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Criminal Justice

Survey: Majority of Latinos In LA Want To See Police Funding Stay The Same Or Increase

A police officer wearing a helmet and visor holds a police baton as a crowd of protestors walk by holding cardboard signs on a street in downtown Los Angeles. In the background is another officer also wearing a dark uniform, facing the protestors in front of a police squad car.
Protesters in downtown L.A. march past LAPD officers during a demonstration over the death of George Floyd in Minneapolis.
(KYLE GRILLOT/AFP via Getty Images
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An overwhelming majority of the Latino community in Los Angeles wants to see police funding either remain the same or increase, according to a new survey.

Nearly half of Latino Angelenos surveyed want to see police funding largely hold steady, while one-third of those polled want to see funding increase, but there are plenty of nuances even within those numbers, according to Rafe Sonenshein, executive director of Cal State L.A.’s Pat Brown Institute, which conducted the survey along with the California Community Foundation.

“We didn't find much support in the survey for what's called defunding the police,” Sonenshein said on our newsroom’s public affairs program, AirTalk. “In fact, the largest majority of people said keep policing levels the same … You can be both afraid of crime and believe in police reform.”

Angelica Salas of the Coalition for Humane Immigrant Rights said the survey results make sense, as many Latinos live in higher-crime neighborhoods.

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“Our community is living in this duality of being victims of crime and also victims of law enforcement,” Salas told LAist’s Frank Stoltze.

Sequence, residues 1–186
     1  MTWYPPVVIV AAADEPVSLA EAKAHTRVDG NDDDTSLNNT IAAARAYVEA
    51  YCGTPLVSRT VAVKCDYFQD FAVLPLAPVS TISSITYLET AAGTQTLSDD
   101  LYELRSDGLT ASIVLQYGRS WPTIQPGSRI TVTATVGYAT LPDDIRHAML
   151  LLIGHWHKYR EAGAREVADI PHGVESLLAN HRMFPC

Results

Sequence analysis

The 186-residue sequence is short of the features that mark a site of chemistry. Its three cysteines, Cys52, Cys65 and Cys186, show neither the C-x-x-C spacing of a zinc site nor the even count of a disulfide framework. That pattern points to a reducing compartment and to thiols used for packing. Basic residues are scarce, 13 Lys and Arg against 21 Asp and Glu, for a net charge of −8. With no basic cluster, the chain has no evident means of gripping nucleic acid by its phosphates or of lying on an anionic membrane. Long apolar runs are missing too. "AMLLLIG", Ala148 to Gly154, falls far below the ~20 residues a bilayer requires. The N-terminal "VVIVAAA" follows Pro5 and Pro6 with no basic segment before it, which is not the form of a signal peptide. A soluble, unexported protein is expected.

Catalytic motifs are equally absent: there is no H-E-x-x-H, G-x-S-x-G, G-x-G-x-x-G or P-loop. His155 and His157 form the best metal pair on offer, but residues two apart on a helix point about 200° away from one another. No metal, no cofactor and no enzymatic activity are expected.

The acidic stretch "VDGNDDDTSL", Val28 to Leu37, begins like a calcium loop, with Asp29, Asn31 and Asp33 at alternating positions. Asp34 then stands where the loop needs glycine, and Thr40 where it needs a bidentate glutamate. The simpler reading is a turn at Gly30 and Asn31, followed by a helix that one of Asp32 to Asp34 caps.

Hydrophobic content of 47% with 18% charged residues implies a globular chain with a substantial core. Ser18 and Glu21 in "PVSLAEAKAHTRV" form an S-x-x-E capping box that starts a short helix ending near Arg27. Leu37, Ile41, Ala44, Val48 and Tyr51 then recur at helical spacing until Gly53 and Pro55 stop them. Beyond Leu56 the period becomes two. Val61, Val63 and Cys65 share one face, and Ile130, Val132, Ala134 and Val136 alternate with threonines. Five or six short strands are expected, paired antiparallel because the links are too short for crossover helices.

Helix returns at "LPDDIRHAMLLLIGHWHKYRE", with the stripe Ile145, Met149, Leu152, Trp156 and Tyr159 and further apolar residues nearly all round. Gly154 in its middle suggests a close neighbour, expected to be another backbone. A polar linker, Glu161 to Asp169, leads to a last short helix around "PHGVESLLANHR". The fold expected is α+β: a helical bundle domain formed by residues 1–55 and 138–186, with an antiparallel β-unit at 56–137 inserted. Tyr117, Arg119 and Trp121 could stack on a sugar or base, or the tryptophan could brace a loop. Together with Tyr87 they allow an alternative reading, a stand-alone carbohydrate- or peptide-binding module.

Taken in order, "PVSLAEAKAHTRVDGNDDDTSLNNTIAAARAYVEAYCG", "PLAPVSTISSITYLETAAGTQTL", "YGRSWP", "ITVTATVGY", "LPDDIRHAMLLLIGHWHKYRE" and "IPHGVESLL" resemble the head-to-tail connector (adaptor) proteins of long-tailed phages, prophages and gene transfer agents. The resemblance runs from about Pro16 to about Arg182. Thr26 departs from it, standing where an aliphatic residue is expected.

The sentiment was echoed in President Joe Biden's State of the Union Address last night.

"The answer is not to defund the police," Biden said. “it’s to give you the tools, the training, the funding to be partners, to be protectors and the community needs you, know the community.”

The survey also showed that one-fifth of the Latino population polled wants to see police funding cut. Most of that group is under the age of 35.

Responses were gathered for the report between Nov. 8 and Dec. 24, 2021 — right as the omicron surge began to take hold in the Southland.

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It came as no surprise, then, that 54% of those polled found that the COVID-19 pandemic was the most important problem facing Los Angeles. The next two largest areas of concern were “jobs and the economy” (46%) and “homelessness” (50%).

Click here for the full survey and response breakdown and here for the data visualization presentation on the findings. 

What questions do you have about criminal justice and public safety in Southern California?
Frank Stoltze covers a new movement for criminal justice reform at a time when not everybody shares the same vision.